From time to time, customers call in and ask us what we are doing to combat phishing attacks. My guess is that they are really asking how we combat spoofing as most malware attacks delivered via email use spoofing (that is, they imitate someone they are not). We filter mail for businesses, so they are especially concerned with keep malware out of their environment and email is one way it gets in.
The term phishing has become synonymous with spoofing even though the goals are different: phishers are trying to steal financial information by impersonating a bank, whereas spoofers are trying to infect your computer by tricking you into either clicking a link or opening an attachment; they do this by impersonating a brand you recognize. Sometimes they just straight up ask you for your username and password. Phishers use spoofing as a tactic, but not all spoofers are phishers.
For our purposes, we’ll assume that phishing encompasses both financial phishing and spoofing for the purposes of malware infection.
Customers want to know how we combat phishing. Actually, how we combat phishing is similar to how most spam filters combat phishing. Wikipedia has an entire section dedicated to anti-phishing (and spam filtering, for that matter). Yet despite the fact that it is a tactic that has been around for years, even today in 2012 it is still a problem. The fact that there is an industry working group – the Antiphishing Working Group – testifies to this.
Spam filters have a number of ways to combat phishing. Here are four:
Most spam filters today make use of IP blocklists. These are lists of IPs that are known to send malicious spam at one time or another. While there are lists of varying quality, most industry professionals agree that the lists provided by Spamhaus are among the best ones. Other vendors populate their lists through the extensive use of honeypot networks, still others use statistical criteria based upon spam/nonspam ratios.
Spam filters will update their IP lists periodically (some do it every few minutes, others do it a little longer than that). Since most spam is sent from compromised IP addresses, it’s important to update IP lists at regular intervals.
IP blocklists catch the majority of spam, and they also catch the majority of phishing. But not every piece of spam, phishing or not, can be caught with IP blocklists.
Some spam is sent from IPs that cannot be listed on IP blocklists, such as spam sent from a compromised email account, or even spam from a free webmail account such as Hotmail. Much phishing spam contains a URL within the message – the user must click the link to reset their credentials, verify their shipping package, update their configuration, etc.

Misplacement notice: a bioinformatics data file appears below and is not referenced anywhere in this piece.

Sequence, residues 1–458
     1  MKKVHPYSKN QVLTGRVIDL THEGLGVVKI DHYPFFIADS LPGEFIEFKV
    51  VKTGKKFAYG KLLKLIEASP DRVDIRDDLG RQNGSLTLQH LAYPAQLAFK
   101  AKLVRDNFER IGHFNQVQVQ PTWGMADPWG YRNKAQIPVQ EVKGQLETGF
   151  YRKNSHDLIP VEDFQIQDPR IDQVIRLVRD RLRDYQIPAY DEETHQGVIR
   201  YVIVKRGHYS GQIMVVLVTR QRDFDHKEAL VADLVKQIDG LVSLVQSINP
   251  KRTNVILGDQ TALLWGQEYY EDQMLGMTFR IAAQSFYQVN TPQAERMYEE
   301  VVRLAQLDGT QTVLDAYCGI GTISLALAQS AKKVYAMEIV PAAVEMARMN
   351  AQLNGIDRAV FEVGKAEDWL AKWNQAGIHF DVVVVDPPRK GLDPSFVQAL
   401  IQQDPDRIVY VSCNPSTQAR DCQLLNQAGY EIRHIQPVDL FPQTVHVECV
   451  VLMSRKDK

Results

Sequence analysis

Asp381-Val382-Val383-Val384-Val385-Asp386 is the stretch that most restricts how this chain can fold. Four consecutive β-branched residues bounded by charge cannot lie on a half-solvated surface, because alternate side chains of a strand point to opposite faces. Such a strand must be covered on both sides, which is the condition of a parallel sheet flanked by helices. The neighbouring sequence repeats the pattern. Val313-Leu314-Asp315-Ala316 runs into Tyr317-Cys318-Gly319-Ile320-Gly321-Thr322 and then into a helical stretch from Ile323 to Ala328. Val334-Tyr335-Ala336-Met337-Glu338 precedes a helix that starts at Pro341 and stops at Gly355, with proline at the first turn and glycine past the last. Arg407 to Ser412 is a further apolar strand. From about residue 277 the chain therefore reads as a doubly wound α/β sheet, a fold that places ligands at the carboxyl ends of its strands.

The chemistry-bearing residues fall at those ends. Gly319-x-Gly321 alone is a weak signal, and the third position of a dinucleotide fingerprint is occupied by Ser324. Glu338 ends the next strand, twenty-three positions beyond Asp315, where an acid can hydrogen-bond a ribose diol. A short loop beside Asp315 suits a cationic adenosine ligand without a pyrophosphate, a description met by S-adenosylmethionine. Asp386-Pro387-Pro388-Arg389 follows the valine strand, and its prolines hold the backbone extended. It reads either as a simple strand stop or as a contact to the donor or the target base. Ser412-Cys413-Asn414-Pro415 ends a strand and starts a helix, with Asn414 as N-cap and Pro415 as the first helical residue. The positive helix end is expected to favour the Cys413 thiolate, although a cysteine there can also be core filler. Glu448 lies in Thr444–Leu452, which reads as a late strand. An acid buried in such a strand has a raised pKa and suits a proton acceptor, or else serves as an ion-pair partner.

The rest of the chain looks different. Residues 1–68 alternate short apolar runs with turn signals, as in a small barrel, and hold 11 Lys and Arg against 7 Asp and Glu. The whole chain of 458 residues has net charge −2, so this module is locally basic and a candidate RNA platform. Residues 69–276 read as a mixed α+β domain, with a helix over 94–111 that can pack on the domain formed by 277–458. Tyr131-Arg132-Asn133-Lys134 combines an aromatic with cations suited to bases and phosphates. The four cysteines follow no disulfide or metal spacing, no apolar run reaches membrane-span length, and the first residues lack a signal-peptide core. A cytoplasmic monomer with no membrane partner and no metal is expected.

This is where URL reputation lists come in. Just like IP blocklists maintain lists of spamming IPs, URL reputation lists maintain lists of URLs that appear in spam campaigns. Spam filters download these lists and use them as a weight in their filter (recommended) or reject mail from messages that contain them (not recommended). A spam filter may not be able to block based upon the IP but it can look inside the message and determine that a message contains malicious content.
Since most phishing messages use some sort of spoofing, techniques that catch spoofing are used to help mitigate some of it. The most commonly used sender authentication techniques are SPF checks, but DKIM checks and now DMARC checks are also used. I won’t go into SPF and SenderID because I have written about it previously on this blog.
Antispam professionals don’t claim that SPF checks catch the majority of phishing messages. They barely catch a sizeable minority. They do catch a small amount of spam, and certain classes of spam. The technique is not perfect. But it does help.
Sender authentication techniques are better for whitelisting than they are for catching spam. However, they do have their place in a modern spam filter.
The last piece of the puzzle in combating phishing is content filtering. Many spam filters perform Bayesian filtering which is a probabilistic engine that looks for features within a message and assign it weights to make a spam/nonspam verdict.
Still other filters make extensive use of regular expressions that look for words, phrases and patterns that occur in the message headers, message body and attachments. By creating rules that target commonalities that exist in phishing, spam filters are able to predict new phishing campaigns that don’t exist yet because phishers and spoofers make repeated use of certain words, patterns and phrases.
Modern filters combine traits of a message and act differently when they occur together. For example, if a message contains no SPF record, that’s not a very reliable spam indicator. If it is sent from ups.com, that, too, is not a reliable spam indicator. Neither of this is much to go on when considered independently.
But if a message is sent “from” ups.com and has no SPF record, that is a much more reliable spam indicator because UPS publishes an SPF record for ups.com. Filters that combine multiple pieces together can behave much more intelligently and predictively about future spam campaigns.
Techniques #3 and #4 are good at catching “zero-day” spam when a new spamming IP or URL hasn’t been added to any reputation lists.
This does not exhaust the full techniques available to modern filters. It is not even everything that we do. However, they are some of the most effective techniques used to stop spam in general, and phishing in particular.
While spam filters are one piece of the anti-phishing puzzle, this needs to be combined with best practices on the part of the organization, and the user. It’s not an either/or proposition, both need to work together.
- Phishing protection – what can you do for me?
- Protecting yourself from spear phishing
- Human errors are the weak links in security